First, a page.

Rob Bell is another in a long list of pastors, theologians and Christian writers who have defaulted to the love motif for resolving what he considers the perceived injustices of the God of the Bible; that is, the God of love who allows humans to suffer eternally in hell.
Most notable in this list of Christian writers is the late Joseph Fletcher, an Episcopal theologian whose controversial book, Situation Ethics: The New Morality, published in 1966, opened the door to social as well as Christian ethical relativism. Fletcher, unfortunately, was only partially right. While attempting to validate biblical love as the means by which all moral and ethical decisions should be based, he ignored other important precepts of biblical truth. The primary flaw in Fletcher's argument was that he failed to define biblical love, other than attaching the Greek meaning of the word agape. Biblical love, even agape love, requires biblical definition within the context of biblical revelation, and biblical love can only be defined by biblical truth. Without absolute truth, love cannot be absolutely defined. As in the case of so many Christian writers who default to the love motif for answering perceived biblical inconsistencies, making love the exclusive fallback position almost always sacrifices biblical truth in the process. The irony is that in doing so, these Christian writers bring themselves down to the level of humanists, philosophers, philanthropists, song writers, celebrities and mystics whose mantra is "What the world needs now is love, sweet love," and promote love as the solution to all the world's ills.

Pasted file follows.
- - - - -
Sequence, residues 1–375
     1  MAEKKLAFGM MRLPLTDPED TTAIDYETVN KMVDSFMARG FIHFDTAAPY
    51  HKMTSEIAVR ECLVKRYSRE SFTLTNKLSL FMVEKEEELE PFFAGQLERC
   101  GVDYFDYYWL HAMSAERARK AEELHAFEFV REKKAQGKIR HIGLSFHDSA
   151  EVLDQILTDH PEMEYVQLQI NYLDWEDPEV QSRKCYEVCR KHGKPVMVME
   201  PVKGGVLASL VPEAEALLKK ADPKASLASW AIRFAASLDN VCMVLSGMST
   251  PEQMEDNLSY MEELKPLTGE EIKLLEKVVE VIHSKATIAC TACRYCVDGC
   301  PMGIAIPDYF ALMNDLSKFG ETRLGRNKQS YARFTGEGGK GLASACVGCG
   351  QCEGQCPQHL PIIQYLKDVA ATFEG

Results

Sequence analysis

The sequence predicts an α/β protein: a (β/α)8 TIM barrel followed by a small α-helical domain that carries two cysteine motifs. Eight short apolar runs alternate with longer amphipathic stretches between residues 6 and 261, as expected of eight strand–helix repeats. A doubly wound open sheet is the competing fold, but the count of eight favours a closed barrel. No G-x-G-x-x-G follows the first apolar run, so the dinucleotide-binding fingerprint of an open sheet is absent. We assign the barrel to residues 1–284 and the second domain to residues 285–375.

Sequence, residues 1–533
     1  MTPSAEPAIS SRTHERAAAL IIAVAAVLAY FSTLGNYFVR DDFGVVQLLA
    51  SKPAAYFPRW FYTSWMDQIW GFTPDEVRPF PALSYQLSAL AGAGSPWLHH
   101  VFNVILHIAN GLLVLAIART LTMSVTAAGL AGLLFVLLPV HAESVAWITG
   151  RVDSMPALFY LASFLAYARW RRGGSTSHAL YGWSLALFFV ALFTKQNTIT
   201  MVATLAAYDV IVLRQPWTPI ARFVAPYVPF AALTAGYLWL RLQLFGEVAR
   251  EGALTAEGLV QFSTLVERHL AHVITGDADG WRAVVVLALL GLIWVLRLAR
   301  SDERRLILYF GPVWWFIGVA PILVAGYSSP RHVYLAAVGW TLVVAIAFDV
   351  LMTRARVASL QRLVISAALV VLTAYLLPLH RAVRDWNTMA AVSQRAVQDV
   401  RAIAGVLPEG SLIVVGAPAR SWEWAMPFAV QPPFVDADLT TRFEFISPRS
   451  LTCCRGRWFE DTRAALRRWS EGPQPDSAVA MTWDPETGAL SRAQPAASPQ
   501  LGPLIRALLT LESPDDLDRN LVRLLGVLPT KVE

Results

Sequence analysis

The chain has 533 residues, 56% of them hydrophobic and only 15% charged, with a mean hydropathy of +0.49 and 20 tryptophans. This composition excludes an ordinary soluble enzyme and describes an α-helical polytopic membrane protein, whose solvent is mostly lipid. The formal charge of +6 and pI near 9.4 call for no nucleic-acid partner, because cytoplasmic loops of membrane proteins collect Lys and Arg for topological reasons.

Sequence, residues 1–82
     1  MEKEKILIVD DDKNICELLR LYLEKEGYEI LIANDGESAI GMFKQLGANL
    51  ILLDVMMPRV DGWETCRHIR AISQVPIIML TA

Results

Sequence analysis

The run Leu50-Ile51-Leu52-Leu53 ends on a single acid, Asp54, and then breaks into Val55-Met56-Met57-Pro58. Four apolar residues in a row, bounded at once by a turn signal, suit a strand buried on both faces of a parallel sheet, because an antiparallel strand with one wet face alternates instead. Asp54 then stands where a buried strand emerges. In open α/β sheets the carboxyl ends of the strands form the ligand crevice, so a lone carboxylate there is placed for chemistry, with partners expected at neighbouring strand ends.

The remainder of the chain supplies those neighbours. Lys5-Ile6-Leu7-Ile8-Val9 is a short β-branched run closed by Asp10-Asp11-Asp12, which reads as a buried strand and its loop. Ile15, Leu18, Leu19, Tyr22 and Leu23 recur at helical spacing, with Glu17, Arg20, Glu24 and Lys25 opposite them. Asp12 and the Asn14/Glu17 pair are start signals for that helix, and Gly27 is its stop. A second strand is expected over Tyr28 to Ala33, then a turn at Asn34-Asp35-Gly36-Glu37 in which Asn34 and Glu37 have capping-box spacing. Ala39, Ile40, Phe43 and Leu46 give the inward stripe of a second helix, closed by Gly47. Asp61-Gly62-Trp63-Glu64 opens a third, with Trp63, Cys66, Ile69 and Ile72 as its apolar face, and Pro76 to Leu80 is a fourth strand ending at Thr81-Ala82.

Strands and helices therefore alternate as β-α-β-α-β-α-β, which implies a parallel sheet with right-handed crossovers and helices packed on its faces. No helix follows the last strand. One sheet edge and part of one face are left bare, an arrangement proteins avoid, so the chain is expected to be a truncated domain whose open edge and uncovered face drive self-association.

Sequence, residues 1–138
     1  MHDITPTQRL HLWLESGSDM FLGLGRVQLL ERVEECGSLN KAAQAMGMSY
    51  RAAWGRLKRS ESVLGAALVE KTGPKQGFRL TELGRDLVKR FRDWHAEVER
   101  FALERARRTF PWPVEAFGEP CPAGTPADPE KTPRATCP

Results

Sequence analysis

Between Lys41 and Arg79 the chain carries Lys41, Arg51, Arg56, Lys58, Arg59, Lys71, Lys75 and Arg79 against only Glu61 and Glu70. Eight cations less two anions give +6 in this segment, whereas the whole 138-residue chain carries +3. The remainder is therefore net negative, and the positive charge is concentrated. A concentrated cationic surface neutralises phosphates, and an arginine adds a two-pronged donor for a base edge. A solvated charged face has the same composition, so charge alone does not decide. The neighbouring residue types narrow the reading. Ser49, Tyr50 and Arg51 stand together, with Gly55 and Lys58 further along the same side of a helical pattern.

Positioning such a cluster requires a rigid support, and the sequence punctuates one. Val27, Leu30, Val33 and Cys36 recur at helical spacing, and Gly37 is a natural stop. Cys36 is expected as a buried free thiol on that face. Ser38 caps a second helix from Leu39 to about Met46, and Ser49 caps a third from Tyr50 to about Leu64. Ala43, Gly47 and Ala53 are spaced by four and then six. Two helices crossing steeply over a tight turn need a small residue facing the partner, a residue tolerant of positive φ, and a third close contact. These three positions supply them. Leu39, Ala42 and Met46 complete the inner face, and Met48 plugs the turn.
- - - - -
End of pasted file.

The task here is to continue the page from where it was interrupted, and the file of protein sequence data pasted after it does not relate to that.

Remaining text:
Ted Haggard, the disgraced ex-pastor of a 14,000 member Colorado megachurch, has announced in a press conference that, in spite of a promise not to do so, he is planting a new church in his home town of Colorado Springs. On his website, he writes, "St. James Church is for anyone, and I do mean anyone: Democrats, Republicans, Independents and those who go to Tea Party rallies. If you are straight, gay, or bi, I want to walk through the Scriptures with you. If you are black, white, Hispanic (sic), native American, or a confusing combination, you are welcome here. Those working to overcome their sex or drug addictions, St. James is for you"¦. Adulterers, Ex-con. Everyone is welcome."
Few of us who have followed Haggard's fall of shame in the last few years are surprised by this announcement. And there is a very good reason why: Christian or not, evangelical or not, Ted Haggard is the poster child of a classic pathological narcissist.